About this time, intelligence was given that the English were cruising on the coast. This was another subject of sorrow with us--that there must be wars on the sea as well as on land--a thing never heard of before, nor imagined practicable. This delayed our embarkation. In the mean while, the other troop, which was collected in Pohpolr, and was intended to be conveyed into the vessel the nearest way from that place, was brought into E'-ko among us. Among this number was Joseph Bartholomew, my brother in the service of the Church Missionary Society. After a few weeks' delay, we were embarked, at night, in canoes, from E'-ko to the beach; and on the following morning we embarked in the vessel, which immediately sailed away. The crew being busy in embarking us, 187 in number, had no time to give us either breakfast or supper; and we, being unaccustomed to the motion of the vessel, suffered the whole of this day from sea-sickness, which rendered the greater part of us less fit to take any food whatever. On the very same evening we were surprised by two English men-of-war; and the next morning, found ourselves in the hands of new conquerors; whom we at first very much dreaded, they being armed with long swords. In the morning, being called up from the hold, we were astonished to find ourselves among two very large men-of-war, and several brigs. The men-of-war were, His Majesty's ships "Myrmidon," Captain H. J. Leeke, and "Iphigenia," Captain Sir Robert Mends, who captured us on the 7th of April 1822, on the River Lagos. Our owner was bound, with his sailors; except the cook, who was preparing our breakfast. Hunger rendered us bold; and not being threatened at first attempts to get some fruit from the stern, we in a short time took the liberty of ranging about the vessel, in search of plunder of every kind. Now we began to entertain a good opinion of our new conquerors. Very soon after breakfast, we were divided into several of the vessels around us. This was cause of new fears, not knowing where our misery would end. Being now, as it were, one family, we began to take leave of those who were first transported into the other vessels, not knowing what would become of them and ourselves. About this time, we six, intimate friends in affliction--among whom was my brother, Joseph Bartholomew--kept very close together, that we might be carried away at the same time. It was not long before we six were conveyed into the "Myrmidon," in which we discovered no trace of those who were transported before us. We soon concluded what had become of them, when we saw part of a hog hanging, the skin of which was white-a thing we never saw before, as a hog was always roasted on fire, to clear it of the hair, in my country; and a number of cannon-shots ranged [437/438] along the deck. The former we supposed to be the flesh; and the latter, the heads of the individuals, who had been killed for meat. But we were soon undeceived, by a close examination of the flesh with cloven feet, which resembled those of a hog; and by a cautious approach to the shots, that they were iron. In a few days we were quite at home in the man-of-war: being only six in number, we were soon selected by the sailors for their boys, and were soon furnished with dress. Our Portuguese owner and his son were brought over in the same vessel, bound in fetters: and I, thinking I should no more get into his hands, had the boldness to strike him on the head, while he was shaving by his son--an act, however, very wicked, and unkind in its nature. His vessel was towed along by the man-of-war, with the remainder of the slaves therein. But after a few weeks, the slaves being removed from her, and being stripped of her furniture, the schooner was left alone on the ocean--destroyed at sea by captors, being found unseaworthy, in consequence of being a dull sailer. One of the brigs, which contained part of the slaves, was wrecked on a sand-bank; but, happily, another vessel was near, and all the lives were saved. It was not long before another brig sunk, during a tempest, with all the slaves and sailors; with the exception of about five of the latter, who were found in a boat, after four or five days, reduced almost to skeletons; and so feeble, that they could not stand on their feet: 102 of our number were lost on this occasion.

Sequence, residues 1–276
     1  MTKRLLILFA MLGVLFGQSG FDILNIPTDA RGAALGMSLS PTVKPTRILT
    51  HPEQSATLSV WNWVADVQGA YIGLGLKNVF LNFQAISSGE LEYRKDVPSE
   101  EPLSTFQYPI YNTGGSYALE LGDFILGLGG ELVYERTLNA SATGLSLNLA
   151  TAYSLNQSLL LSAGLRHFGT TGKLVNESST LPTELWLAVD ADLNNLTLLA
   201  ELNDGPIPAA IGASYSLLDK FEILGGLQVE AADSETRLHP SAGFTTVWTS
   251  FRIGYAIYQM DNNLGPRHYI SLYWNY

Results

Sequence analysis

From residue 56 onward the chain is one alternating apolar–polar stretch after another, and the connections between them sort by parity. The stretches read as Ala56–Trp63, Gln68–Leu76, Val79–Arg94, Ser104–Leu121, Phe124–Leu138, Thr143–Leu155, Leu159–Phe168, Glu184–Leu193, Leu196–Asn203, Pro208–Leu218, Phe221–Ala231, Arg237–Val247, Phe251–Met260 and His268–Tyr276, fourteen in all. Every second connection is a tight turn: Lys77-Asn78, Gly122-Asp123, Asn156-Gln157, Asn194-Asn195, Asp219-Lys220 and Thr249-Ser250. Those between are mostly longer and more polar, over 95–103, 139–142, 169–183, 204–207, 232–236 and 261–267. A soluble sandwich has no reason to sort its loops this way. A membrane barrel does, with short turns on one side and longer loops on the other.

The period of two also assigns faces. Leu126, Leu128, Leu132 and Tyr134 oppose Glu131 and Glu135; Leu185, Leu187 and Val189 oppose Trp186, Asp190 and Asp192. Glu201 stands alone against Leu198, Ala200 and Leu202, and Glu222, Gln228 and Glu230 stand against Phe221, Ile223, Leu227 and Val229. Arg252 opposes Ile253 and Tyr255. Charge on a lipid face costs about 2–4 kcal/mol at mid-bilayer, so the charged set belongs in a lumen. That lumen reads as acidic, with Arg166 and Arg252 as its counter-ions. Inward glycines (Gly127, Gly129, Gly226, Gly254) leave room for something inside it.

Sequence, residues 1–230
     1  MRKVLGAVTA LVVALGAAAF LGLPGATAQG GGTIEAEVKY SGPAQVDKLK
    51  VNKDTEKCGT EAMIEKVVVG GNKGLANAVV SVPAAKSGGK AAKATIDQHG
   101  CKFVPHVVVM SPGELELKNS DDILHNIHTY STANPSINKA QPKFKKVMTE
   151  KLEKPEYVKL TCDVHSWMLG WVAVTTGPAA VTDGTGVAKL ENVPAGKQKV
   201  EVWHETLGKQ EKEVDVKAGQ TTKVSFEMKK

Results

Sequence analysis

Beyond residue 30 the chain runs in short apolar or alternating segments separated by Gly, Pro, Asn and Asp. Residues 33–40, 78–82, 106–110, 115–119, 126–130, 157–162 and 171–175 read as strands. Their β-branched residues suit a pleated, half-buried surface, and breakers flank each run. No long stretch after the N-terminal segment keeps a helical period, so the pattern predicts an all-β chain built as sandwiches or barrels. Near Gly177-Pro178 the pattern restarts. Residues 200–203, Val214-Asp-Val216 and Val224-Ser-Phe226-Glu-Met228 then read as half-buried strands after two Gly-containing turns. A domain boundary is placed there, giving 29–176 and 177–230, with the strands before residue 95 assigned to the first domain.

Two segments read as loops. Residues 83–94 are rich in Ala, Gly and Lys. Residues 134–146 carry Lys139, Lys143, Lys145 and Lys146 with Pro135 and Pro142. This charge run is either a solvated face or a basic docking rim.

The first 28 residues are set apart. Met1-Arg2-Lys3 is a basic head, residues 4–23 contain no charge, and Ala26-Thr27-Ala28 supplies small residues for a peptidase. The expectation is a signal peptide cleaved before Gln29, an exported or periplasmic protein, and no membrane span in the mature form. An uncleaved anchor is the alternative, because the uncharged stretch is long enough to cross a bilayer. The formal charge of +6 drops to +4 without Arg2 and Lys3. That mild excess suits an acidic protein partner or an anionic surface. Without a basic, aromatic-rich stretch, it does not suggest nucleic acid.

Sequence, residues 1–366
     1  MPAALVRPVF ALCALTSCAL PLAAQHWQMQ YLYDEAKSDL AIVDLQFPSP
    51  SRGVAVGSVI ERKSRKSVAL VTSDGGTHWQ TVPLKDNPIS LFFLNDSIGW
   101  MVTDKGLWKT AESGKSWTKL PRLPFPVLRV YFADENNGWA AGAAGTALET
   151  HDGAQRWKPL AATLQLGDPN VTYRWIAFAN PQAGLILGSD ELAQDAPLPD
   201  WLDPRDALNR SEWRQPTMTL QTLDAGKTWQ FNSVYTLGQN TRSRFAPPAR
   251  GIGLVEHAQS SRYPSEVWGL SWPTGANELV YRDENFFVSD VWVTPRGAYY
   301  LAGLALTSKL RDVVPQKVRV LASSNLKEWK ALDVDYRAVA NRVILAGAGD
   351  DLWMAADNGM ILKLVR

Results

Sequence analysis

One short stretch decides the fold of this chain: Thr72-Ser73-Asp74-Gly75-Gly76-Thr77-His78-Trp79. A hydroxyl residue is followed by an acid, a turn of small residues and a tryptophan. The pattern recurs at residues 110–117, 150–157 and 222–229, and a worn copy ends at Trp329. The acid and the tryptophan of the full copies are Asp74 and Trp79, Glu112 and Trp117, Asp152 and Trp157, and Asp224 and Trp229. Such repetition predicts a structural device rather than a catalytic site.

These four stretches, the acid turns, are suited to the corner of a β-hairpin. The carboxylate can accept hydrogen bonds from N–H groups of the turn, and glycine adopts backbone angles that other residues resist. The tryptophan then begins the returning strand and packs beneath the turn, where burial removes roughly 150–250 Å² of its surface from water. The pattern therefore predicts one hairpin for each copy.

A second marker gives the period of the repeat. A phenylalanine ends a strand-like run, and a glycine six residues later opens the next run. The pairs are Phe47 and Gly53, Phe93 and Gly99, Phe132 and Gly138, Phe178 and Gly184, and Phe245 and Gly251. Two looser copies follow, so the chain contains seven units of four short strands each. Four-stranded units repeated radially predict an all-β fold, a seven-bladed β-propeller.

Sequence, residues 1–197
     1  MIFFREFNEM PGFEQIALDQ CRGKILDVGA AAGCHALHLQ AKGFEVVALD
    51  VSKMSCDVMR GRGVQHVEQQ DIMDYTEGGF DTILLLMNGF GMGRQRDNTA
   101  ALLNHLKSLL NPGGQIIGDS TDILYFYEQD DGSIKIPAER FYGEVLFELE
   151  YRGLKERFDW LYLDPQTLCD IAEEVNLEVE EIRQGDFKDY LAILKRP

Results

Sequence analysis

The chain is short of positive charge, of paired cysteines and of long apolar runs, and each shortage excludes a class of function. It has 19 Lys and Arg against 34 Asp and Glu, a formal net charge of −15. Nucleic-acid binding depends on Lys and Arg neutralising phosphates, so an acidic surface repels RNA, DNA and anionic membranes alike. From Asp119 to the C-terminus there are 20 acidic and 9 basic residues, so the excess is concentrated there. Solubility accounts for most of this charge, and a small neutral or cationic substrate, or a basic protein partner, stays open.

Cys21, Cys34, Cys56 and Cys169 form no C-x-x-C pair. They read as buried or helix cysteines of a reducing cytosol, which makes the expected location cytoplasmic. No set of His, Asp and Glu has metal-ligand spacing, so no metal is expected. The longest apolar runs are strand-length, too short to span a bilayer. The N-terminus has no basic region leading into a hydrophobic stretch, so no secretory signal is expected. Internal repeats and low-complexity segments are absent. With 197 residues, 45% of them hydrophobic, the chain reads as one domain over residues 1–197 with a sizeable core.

Settlement at Sierra Leone--Baptism, and Christian Labours.